8 Natural Fabric Softener Alternatives for Better Laundry Days

If you’re looking for a way to make your clothes feel soft and reduce static cling without using harsh chemicals, then you’re in the right place. In this article, we’ll explore some of the most popular alternatives to fabric softeners, such as vinegar, wool dryer balls, baking soda, and a one-of-a-kind homemade fabric softener. We’ll also discuss the benefits of each option so that you can decide which one is best for you. So, let’s get started and discover the perfect fabric softener alternative for your laundry!

DIY Homemade Fabric Softener

Ingredients:

  • 2 cups of hair conditioner- any type
  • 3 cups of white distilled vinegar
  • 6 cups of room-temperature water

Instructions:

  1. In a large bowl, mix together the hair conditioner and white vinegar until well combined.
  2. Add the water and stir until the mixture is completely blended.
  3. Transfer the fabric softener into a large container with a lid, such as a gallon-sized jug or a plastic container.
  4. To use, simply add 1/4 to 1/2 cup of the fabric softener to your washing machine’s fabric softener dispenser or during the rinse cycle.
  5. Stir the fabric softener mixture before each use to ensure it is evenly distributed.

Note: You can customize the scent of your fabric softener by using a scented hair conditioner or adding a few drops of your favorite essential oil to the mixture. Also, keep in mind that this fabric softener recipe may not be suitable for use on all types of fabric, so it’s always a good idea to test a small area first before using it on a larger scale.

5 Reasons to Ditch Fabric Softeners Now!

 

If you are still looking for fabric softener alternatives, here are some options:

 

 

  1. Vinegar: Adding a cup of white vinegar to the rinse cycle can help soften fabric and reduce static cling.
  2. Baking soda: Adding a half cup of baking soda to the rinse cycle can help neutralize odors and soften fabric.
  3. Wool dryer balls: These are reusable balls that you can add to your dryer to soften fabric and reduce static cling. You can even add a few drops of essential oil to the balls for a fresh scent.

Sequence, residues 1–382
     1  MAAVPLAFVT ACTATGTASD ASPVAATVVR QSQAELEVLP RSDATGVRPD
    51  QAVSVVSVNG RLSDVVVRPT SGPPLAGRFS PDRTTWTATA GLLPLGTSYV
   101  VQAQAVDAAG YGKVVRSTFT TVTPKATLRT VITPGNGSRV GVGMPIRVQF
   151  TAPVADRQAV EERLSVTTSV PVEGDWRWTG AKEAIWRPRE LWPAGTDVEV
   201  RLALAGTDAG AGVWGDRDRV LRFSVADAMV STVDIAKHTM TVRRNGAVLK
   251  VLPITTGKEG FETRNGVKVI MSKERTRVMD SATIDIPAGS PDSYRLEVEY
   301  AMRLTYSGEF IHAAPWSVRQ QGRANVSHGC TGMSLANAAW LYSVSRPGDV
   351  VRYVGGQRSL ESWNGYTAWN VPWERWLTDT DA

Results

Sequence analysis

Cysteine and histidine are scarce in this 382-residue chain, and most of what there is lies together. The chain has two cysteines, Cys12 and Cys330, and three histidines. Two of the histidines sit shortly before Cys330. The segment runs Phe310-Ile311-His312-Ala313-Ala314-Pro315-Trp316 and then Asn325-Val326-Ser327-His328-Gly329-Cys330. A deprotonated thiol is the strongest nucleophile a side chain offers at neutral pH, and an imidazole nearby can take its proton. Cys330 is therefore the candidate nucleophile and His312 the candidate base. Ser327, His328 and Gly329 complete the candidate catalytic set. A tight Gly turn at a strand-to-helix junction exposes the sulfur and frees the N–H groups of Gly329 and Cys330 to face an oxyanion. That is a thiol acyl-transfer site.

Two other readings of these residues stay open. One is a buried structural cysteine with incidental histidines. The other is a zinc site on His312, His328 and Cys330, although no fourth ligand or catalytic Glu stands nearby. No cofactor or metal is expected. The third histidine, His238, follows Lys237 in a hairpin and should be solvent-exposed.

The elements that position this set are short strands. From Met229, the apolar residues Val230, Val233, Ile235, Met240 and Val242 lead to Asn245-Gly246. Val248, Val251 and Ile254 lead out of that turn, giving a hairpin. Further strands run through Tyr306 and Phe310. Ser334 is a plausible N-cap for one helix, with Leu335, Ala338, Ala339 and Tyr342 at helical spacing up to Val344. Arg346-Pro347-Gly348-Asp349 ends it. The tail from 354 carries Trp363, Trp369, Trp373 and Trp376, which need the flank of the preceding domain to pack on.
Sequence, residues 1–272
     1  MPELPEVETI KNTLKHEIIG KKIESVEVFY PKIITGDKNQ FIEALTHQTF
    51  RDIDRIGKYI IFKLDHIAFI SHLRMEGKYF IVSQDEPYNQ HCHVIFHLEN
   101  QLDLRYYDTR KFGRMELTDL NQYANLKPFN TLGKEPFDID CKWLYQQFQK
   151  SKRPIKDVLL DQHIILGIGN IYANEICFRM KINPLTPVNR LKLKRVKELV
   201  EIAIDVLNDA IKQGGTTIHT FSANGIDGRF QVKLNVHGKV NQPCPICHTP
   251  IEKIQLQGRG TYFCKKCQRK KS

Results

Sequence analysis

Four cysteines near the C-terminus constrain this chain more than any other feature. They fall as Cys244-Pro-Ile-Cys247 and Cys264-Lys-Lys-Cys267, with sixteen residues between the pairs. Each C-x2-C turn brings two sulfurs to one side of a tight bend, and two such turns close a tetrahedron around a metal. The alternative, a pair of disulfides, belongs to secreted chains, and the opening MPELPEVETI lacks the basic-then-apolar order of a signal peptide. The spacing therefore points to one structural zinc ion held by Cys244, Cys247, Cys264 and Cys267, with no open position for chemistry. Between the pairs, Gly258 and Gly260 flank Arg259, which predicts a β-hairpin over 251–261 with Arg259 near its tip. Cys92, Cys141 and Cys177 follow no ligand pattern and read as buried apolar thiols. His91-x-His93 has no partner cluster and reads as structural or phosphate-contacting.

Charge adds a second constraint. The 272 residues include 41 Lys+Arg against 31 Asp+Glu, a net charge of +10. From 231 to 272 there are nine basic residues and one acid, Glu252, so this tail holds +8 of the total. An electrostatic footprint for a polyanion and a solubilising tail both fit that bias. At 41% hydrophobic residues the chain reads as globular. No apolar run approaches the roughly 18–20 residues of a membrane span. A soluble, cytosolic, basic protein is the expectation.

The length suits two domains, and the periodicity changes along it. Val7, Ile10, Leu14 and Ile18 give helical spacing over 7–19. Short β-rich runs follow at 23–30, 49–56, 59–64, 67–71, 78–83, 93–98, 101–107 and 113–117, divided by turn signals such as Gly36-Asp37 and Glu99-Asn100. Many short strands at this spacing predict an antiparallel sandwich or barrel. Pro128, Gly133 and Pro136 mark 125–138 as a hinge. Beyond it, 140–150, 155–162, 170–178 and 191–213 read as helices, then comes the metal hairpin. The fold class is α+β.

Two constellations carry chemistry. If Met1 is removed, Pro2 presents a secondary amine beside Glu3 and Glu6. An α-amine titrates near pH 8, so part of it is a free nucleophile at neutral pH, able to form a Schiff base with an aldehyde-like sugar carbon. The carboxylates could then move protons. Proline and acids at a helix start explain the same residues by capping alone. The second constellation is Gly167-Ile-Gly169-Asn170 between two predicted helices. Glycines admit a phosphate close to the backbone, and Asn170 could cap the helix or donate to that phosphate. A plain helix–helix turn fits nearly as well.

4. Aluminum foil: Crumpling up a sheet of aluminum foil and adding it to the dryer can help reduce static cling.
  5. Dryer sheets: While technically a fabric softener, dryer sheets can be used in small amounts to achieve a similar effect. You can also make your own dryer sheets by soaking a cloth in a mixture of fabric softener and water.
  6. Liquid fabric softener alternatives: There are a variety of liquid fabric softener alternatives on the market that use plant-based ingredients or essential oils to soften fabric without the use of harsh chemicals.
  7. Air drying Racks: Skipping the dryer altogether and air drying your clothes can help them retain their softness and reduce static cling.

 

 

Safe to Use on Most Fabrics

  • Vinegar: Vinegar is safe to use on all types of fabric, including cotton, wool, silk, and synthetic fibers.
  • Baking soda: Baking soda is safe to use on most types of fabric, including cotton, polyester, and synthetic blends. However, it may not be suitable for delicate fabrics such as silk or wool.
  • Wool dryer balls: Wool dryer balls are safe to use on most types of fabric, including cotton, wool, and synthetic blends.
  • Aluminum foil: Aluminum foil is safe to use on most types of fabric, including cotton, polyester, and synthetic blends.
  • Dryer sheets: Dryer sheets are safe to use on most types of fabric, including cotton, polyester, and synthetic blends.
  • Liquid fabric softener alternatives: Most liquid fabric softener alternatives are safe to use on all types of fabric, but it’s always a good idea to check the label for any specific instructions or limitations.
  • Air drying: Air drying is generally safe for all types of fabric, although some delicate fabrics such as silk may require special care.

 

Conclusion

In a nutshell, there are plenty of fabric softener alternatives that are better for your clothes and the environment. Whether you choose to use vinegar, baking soda, wool dryer balls, or even make your own fabric softener, you’ll still get the same soft and static-free results. So go ahead and try out some of these alternatives – your clothes (and the planet) will thank you!